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Topic: Read String from Serial Input, parse it, and write it to the EEPROM. (Read 1 time) previous topic - next topic

PaulS

Code: [Select]
    inByte[0] = '\0';
  }
  else
  {
    inByte[i++];  // concatanate the character
    inByte[i] = '\0'; // null terminate the array
  }

should be
Code: [Select]
    buffer[0] = '\0';
  }
  else
  {
    buffer[i++];  // concatanate the character
    buffer[i] = '\0'; // null terminate the array
  }


Is 6 characters enough for the buffer?

overflow

Hello guys,

I've changed all my code to use char arrays instead of strings but I'm still struggling to parse and store data inside the EEPROM.

This is my current code:

Code: [Select]

void writeConfig()
{

  char *myCommand = "saveConfig 2:2:2:2:2:2:2:2";
  char *tmpBuff;
  char configuration[64];
  int comma=0;
 

  for(int i=0; i < strlen(myCommand); i++)
  {
    if( myCommand[i] == ':' ) comma++;
  }

  if ( (comma < 7)  || (strlen(myCommand) < 26) )
  {
    Serial.println("Invalid configuration.");
    return;
  }
   
  strncpy(configuration, (myCommand+11), sizeof(myCommand) - 11);
 
  tmpBuff = strtok(configuration, ":");
    int counter=0;
    while (tmpBuff != NULL)
  {
    EEPROM.write(counter, int(tmpBuff));
    tmpBuff = strtok (NULL, ":");
    counter++;
  }
 

  Serial.println("Configuration saved!");
}


Please ignore the lines below "strncpy(configuration, (myCommand+11), sizeof(myCommand) - 11);" because they werent tested yet. This line is crashing the arduino and it is reseting everytime it is executed and I don't know why!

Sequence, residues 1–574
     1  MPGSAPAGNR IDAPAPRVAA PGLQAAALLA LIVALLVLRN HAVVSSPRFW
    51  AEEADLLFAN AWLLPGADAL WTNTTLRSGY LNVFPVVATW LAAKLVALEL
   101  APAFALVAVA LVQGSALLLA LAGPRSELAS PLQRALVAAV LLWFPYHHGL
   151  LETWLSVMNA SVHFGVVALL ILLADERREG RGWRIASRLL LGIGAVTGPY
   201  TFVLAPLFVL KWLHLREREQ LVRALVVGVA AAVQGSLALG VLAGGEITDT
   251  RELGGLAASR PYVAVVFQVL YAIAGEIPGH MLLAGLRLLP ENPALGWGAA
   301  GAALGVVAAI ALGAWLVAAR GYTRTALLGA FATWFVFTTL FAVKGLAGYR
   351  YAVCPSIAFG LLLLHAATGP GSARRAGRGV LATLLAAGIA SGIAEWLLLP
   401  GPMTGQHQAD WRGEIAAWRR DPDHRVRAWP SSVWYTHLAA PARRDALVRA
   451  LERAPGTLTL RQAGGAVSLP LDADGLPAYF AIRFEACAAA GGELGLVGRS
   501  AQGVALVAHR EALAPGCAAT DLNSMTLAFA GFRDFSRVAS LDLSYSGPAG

All i'm trying to do is:

1st - Receive a string (I've hardcoded it for testing purposes -> char *myCommand = "saveConfig 2:2:2:2:2:2:2:2";)
2nd - Cut the head leaving just the configuration argument.
3rd - Split the configuration argument using the commas as delimiter
4th - Save each of those numbers in the EEPROM. Any of them will always be a number ranging from 0 to 255

How can i accomplish this?

PaulS

Quote
for(int i=0; i < strlen(myCommand); i++)
  {
    if( myCommand == ':' ) comma++;
  }

This is a comma --> ,
This is a colon --> :

See the difference?

Code: [Select]
    EEPROM.write(counter, int(tmpBuff));
The int() macro is for people that think (int)tmpBuff looks weird. Personally, I'd have told those people to get over it. The int() macro does NOT convert a char array to an int. The atoi() function does that. All that it does is cast the address of the token to an int, which is hardly the data that you want to be storing in the EEPROM.

overflow


Quote
for(int i=0; i < strlen(myCommand); i++)
  {
    if( myCommand == ':' ) comma++;
  }

This is a comma --> ,
This is a colon --> :

See the difference?

Code: [Select]
    EEPROM.write(counter, int(tmpBuff));
The int() macro is for people that think (int)tmpBuff looks weird. Personally, I'd have told those people to get over it. The int() macro does NOT convert a char array to an int. The atoi() function does that. All that it does is cast the address of the token to an int, which is hardly the data that you want to be storing in the EEPROM.


Hellom PaulS, thank you for your reply :)

About the first part, please bear with me. I was actually thinking in colon ( as you can see, I'm using commas in the hardcoded command and also when I'm searching for it) but switched the names (I'm Portuguese).  ;)

I've also corrected the problem related to the cast but that still doesn't fixe the original issue.

Everytime the strncpy is executed my arduino is resetedand I have no idea why :(

PaulS

Quote
Everytime the strncpy is executed my arduino is resetedand I have no idea why

Nor do I, since the code you posted doesn't call strncpy(). The usual culprit, though, is copying outside the bounds of the destination array. Copy 12 bytes into a 2 element array is not a good thing. Nor is copying to a location pointed to be a non-initialized pointer.

The comma variable should be named delimterCounter, so that it doesn't matter what the delimiter is.

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